|Total Lunar Eclipse, 2007 JC5321|
Astronomer Stephen Edberg captured this sequence of the full moon as it enters Earth’s shadow and then is completely covered by it on August 28, 2007. The moon’s passes through nearly the same portion of Earth’s shadow during the total lunar eclipse on April 14-15, 2014 but the coloring may be different. A lunar eclipse occurs when the Moon passes directly behind the Earth into its umbra (shadow). This can occur only when the Sun, Earth, and Moon are aligned exactly, or very closely so, with the Earth in the middle. Hence, a lunar eclipse can only occur the night of a full moon. The type and length of an eclipse depend upon the Moon’s location relative to its orbital nodes. When the Moon travels completely into the Earth’s umbra, one observes a total lunar eclipse.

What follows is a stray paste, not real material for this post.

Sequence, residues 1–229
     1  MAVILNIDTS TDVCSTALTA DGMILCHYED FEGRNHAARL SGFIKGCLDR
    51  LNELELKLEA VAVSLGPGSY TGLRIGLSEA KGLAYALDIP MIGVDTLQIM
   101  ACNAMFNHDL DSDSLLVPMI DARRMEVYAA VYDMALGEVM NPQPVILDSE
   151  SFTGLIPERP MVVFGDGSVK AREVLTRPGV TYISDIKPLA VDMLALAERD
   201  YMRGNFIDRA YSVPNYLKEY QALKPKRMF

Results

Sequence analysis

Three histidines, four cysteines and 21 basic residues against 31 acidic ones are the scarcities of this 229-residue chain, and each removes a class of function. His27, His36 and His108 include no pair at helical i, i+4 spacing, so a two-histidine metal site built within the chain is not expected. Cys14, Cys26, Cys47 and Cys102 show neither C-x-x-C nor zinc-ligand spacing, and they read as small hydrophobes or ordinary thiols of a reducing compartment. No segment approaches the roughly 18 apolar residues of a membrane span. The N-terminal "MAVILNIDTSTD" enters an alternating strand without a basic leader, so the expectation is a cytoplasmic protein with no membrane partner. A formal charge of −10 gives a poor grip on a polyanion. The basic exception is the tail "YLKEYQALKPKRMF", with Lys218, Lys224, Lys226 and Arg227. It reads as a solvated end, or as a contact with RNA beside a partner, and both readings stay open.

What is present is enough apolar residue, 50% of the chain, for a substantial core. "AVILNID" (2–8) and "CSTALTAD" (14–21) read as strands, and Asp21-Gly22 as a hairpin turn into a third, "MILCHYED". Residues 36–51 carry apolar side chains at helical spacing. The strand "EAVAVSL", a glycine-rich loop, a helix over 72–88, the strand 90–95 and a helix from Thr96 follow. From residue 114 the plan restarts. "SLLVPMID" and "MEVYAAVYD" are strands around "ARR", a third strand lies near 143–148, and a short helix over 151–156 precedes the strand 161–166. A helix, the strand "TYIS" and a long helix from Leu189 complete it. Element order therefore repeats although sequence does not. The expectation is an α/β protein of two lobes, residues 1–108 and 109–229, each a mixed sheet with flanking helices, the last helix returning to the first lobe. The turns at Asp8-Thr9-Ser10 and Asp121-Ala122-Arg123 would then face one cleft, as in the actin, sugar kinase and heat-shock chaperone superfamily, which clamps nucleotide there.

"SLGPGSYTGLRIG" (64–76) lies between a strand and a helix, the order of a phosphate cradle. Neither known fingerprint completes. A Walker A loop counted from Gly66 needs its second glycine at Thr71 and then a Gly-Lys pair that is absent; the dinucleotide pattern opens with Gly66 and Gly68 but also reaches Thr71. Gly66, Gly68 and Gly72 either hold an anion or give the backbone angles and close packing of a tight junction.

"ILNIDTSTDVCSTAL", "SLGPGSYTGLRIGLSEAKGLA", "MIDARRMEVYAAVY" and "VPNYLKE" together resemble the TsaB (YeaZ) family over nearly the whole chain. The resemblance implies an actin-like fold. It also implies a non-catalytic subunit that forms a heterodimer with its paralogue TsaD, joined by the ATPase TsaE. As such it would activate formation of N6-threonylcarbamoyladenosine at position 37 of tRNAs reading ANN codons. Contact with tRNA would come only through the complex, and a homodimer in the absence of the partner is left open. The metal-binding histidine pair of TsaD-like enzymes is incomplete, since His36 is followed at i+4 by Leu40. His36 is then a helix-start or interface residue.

View more images of lunar eclipses